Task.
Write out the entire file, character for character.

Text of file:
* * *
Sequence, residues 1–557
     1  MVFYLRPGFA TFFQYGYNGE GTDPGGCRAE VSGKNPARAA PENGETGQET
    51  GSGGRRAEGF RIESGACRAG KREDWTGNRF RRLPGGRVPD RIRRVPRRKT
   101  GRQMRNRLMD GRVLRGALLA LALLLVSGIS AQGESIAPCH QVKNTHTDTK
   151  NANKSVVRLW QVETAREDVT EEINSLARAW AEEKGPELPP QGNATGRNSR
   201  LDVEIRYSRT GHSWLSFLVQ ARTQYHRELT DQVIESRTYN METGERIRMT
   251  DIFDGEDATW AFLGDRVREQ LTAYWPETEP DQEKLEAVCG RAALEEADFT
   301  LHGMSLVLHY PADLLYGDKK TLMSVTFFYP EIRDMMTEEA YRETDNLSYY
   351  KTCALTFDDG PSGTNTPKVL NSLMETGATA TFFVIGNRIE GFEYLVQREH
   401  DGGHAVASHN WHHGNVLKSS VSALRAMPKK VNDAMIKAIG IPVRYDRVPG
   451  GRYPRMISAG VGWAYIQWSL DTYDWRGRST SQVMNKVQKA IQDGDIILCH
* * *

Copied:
Sequence, residues 1–557
     1  MVFYLRPGFA TFFQYGYNGE GTDPGGCRAE VSGKNPARAA PENGETGQET
    51  GSGGRRAEGF RIESGACRAG KREDWTGNRF RRLPGGRVPD RIRRVPRRKT
   101  GRQMRNRLMD GRVLRGALLA LALLLVSGIS AQGESIAPCH QVKNTHTDTK
   151  NANKSVVRLW QVETAREDVT EEINSLARAW AEEKGPELPP QGNATGRNSR
   201  LDVEIRYSRT GHSWLSFLVQ ARTQYHRELT DQVIESRTYN METGERIRMT
   251  DIFDGEDATW AFLGDRVREQ LTAYWPETEP DQEKLEAVCG RAALEEADFT
   301  LHGMSLVLHY PADLLYGDKK TLMSVTFFYP EIRDMMTEEA YRETDNLSYY
   351  KTCALTFDDG PSGTNTPKVL NSLMETGATA TFFVIGNRIE GFEYLVQREH
   401  DGGHAVASHN WHHGNVLKSS VSALRAMPKK VNDAMIKAIG IPVRYDRVPG
   451  GRYPRMISAG VGWAYIQWSL DTYDWRGRST SQVMNKVQKA IQDGDIILCH